Why Book Anthony Robles?
Anthony Robles looks just like you, me, and everyone else except he’s cut like the Statue of David and has one leg.
At 125 pounds, he possesses the sculpted upper body of someone just as dedicated and 40 pounds heavier, a feature you don’t immediately notice because your transfixed by the column of air beneath his right hip.
Robles, now a national champion wrestler at Arizona State, was born this way – not jacked, but without a right leg. That he refused prosthetics at age three is the stuff of legend, and in fact might be just that - his parents likely made the decision, but it was Anthony’s to live with.
Robles impresses with his ability to walk, and his ability to wrestle, and his ability to climb the steps of the Philadelphia Art Museum, which he did the day after finishing his senior season at ASU 36-0.
He’s like a real-life Rocky, only his Apollo Creed is his disability – or his super-ability, or whatever it is one calls a condition perhaps disadvantageous, perhaps not.
Robles didn’t pick up wrestling full-time until his freshman year in high school. A then 90-pound mass of motor and inspiration, he’d give up his defensive tackle position on the football team to pursue a sport in which taking a knee did not take him out of play.
Robles’ compensates for his lower body’s immobility by transferring all that would-be strength to his chest, arms and torso, as a blind man might acquire an acute sense of hearing. Power runs in the family – his father, Ron, lifted weights professionally, though would not let his son risk stunted growth as a curious child.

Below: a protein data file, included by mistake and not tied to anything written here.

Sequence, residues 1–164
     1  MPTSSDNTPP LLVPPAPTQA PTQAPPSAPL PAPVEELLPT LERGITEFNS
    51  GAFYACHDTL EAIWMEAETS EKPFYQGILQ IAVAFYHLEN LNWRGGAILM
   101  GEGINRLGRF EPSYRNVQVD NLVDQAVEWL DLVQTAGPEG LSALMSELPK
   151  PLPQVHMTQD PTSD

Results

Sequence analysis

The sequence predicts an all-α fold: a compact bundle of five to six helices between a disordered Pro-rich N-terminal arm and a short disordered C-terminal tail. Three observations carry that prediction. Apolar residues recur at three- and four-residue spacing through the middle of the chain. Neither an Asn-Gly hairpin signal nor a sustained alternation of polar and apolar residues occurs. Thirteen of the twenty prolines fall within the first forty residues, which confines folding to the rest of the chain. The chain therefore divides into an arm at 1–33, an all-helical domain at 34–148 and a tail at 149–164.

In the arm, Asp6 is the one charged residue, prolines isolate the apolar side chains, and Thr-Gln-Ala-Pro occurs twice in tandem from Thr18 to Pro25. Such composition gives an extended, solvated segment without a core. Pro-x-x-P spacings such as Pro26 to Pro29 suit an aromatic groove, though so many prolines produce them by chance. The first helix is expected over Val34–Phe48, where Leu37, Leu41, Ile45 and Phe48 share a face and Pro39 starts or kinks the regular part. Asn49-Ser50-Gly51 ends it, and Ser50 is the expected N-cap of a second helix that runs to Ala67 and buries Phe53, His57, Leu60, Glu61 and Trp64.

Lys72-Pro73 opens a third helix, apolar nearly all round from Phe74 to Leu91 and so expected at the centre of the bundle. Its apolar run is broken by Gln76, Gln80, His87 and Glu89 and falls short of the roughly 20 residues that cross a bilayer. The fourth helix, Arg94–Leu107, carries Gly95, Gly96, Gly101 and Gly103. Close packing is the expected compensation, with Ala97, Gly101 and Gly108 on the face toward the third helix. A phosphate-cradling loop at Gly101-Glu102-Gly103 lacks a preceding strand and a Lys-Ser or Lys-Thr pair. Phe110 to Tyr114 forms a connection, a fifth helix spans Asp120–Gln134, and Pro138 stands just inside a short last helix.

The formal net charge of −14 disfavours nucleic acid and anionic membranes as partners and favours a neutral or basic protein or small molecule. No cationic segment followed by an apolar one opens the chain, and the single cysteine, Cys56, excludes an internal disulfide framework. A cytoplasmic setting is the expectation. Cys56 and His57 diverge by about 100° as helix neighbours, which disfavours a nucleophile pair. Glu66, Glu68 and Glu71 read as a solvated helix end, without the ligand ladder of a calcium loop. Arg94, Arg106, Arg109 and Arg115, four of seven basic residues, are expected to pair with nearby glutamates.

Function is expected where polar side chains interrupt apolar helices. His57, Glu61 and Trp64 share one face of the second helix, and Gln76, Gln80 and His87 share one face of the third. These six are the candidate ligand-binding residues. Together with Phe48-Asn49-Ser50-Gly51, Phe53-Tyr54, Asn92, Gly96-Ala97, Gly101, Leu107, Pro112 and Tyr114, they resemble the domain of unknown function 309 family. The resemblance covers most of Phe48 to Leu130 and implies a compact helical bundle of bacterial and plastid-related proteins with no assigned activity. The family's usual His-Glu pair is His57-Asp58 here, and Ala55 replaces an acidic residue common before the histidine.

So Robles took to push-ups next to the bench press in his father’s garage. In sixth grade, he broke his school’s push-ups record. He now benches 305 pounds with his 125-pound frame.
Adopting a unique style – obviously – Robles dominated his high school competition. He finished a combined 96-0 over his junior and senior campaigns, capturing two state titles and a scholarship to ASU along the way.
It was when his story attracted national attention, as stories about one-legged wrestling phenoms are wont to do, that debate began over whether or not Robles’ figure gave him, ironically, a leg up on the competition.
It does, in some ways. There’s no denying this. The human leg accounts for roughly 15-25% of one’s total body weight. Wrestlers compete by weight class. At 125 pounds, Robles can, in layman’s terms, redistribute the 30 pounds a second leg might’ve weighed through the rest of his body.
He is bigger and stronger from the waist up than anyone he has ever faced. His competitors cannot practice on three-limbed opponents.
Still, in a sport in which the single-leg takedown exists the primary way to grapple one’s opponent to the mat, the fact that Robles drops to a knee to begin makes his technique uncanny at best and like stepping to a ledge to entice his adversary to jump at worst.
Driving one’s opponent to the floor typically constitutes the first step to a successful match. Shooting a single-leg takedown from the floor and with the forward thrust of only one appendage implies, if only to common sense, some sort of added difficulty.
Given his style, it seems as though this champion always starts from behind. As he did, presumably, in life. Perhaps Anthony Robles’ unfair advantage, then, is not a product of his one leg. Perhaps it is a product of his one heart.